State Department Reaffirms That Israel Did Not Violate U.S. Arms Accord During Rescue Operation

The State Department emphatically reaffirmed yesterday that Israel had not violated any agreement on the use of American-supplied arms in its July 3 rescue operation at Entebbe Airport in Uganda and categorically rejected a suggestion that Israel had employed excessive force in carrying out the rescue. Department spokesman Robert Funseth made those points in reply to questions from reporters.

One newsman asked whether Israel was justified in using “excessive force” that resulted in the deaths of Ugandans and the “summary execution of terrorists.” Funseth responded that Israel was justified in the operation and when the reporter asked. “Is it the Department’s view that excessive force was not used?” he replied firmly, “That is correct.”

Another reporter requested a legal explanation of the U.S. determination that no violation of Israel’s agreement with the U.S. under the Foreign Military Sales Act was involved in the use by Israel of three C-130 military transports in the Uganda operation. Funseth replied by noting that the U.S. Ambassador to the United Nations, William W. Scranton, had discussed this matter in his address to the Security Council Tuesday.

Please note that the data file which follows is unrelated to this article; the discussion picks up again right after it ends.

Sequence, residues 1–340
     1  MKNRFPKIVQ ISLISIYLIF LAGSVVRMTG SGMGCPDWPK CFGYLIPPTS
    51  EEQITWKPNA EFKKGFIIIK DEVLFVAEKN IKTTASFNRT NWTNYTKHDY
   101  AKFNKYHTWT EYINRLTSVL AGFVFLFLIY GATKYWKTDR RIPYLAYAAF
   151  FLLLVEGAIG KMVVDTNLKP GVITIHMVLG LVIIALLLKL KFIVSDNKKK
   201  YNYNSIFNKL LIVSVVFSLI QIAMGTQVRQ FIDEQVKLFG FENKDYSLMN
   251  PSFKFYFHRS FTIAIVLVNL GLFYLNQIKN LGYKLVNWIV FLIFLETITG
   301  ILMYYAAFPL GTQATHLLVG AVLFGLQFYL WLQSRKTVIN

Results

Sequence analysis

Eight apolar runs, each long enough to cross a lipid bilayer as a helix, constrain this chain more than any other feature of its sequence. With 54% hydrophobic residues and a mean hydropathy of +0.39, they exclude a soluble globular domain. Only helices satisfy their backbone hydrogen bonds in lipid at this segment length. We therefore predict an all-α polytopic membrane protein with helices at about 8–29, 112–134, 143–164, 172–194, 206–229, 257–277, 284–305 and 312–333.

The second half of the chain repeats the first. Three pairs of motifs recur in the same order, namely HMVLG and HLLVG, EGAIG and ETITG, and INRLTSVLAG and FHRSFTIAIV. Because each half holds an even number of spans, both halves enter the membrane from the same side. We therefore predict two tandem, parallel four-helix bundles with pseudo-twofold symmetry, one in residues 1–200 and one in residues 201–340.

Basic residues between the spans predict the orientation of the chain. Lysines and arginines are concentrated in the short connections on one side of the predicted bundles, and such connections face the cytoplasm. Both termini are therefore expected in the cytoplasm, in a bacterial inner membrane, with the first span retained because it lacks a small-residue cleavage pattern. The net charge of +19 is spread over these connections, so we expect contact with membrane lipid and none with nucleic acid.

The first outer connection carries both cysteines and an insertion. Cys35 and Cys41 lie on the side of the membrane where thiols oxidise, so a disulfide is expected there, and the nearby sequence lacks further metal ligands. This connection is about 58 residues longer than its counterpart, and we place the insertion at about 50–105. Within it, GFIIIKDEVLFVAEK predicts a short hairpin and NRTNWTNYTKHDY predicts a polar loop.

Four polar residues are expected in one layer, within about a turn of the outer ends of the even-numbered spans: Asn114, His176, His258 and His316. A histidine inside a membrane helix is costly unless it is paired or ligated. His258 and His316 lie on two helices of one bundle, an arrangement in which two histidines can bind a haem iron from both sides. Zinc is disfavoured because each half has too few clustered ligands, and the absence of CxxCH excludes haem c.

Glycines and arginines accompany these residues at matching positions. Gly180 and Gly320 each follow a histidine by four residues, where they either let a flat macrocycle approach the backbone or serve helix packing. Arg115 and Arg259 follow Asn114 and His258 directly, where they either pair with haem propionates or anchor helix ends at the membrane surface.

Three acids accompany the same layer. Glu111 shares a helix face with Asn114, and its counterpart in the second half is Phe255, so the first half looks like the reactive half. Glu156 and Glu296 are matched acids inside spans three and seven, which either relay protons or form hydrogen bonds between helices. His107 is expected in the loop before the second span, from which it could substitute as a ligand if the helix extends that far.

ENTEBBE MISSION LEGALLY JUSTIFIED

Funseth said: “Of course, Paragraph 2 of the Mutual Assistance Defense Agreement between the U.S. and Israel authorized the use by Israel of U.S.-supplied defense articles for a number of purposes, including self-defense. As Governor Scranton stated in the Security Council, the Entebbe rescue was in our judgement legally justified as a use of limited force by Israel for the protection of its nationals which is a well established right that flows from the right of self-defense.”

Funseth added, “Therefore, we believe that the use of the U.S.-supplied equipment for that operation was consistent with the authorized use for self-defense within the meaning of the Mutual Defense Assistance Agreement.”

NEXT STORY